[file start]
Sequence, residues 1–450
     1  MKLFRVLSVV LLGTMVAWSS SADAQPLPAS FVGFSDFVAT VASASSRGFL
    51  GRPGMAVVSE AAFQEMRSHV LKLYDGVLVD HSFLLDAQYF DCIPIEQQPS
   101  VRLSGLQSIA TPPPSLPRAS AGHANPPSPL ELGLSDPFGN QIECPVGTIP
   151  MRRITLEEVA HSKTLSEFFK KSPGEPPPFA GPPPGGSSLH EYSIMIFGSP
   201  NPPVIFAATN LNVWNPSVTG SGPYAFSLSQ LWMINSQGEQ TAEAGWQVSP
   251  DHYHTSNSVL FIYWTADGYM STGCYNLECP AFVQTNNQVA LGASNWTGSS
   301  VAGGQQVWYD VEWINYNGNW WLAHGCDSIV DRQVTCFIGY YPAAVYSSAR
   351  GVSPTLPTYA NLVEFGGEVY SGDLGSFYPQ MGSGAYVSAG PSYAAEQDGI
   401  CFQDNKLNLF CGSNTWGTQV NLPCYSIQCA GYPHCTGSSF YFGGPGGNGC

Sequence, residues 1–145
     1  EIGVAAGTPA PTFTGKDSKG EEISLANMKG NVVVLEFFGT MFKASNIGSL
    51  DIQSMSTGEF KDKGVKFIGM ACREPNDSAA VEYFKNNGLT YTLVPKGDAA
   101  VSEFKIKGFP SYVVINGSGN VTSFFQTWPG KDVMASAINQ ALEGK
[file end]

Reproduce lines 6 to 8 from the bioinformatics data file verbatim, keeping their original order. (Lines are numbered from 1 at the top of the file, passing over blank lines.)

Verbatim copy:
   201  NPPVIFAATN LNVWNPSVTG SGPYAFSLSQ LWMINSQGEQ TAEAGWQVSP
   251  DHYHTSNSVL FIYWTADGYM STGCYNLECP AFVQTNNQVA LGASNWTGSS
   301  VAGGQQVWYD VEWINYNGNW WLAHGCDSIV DRQVTCFIGY YPAAVYSSAR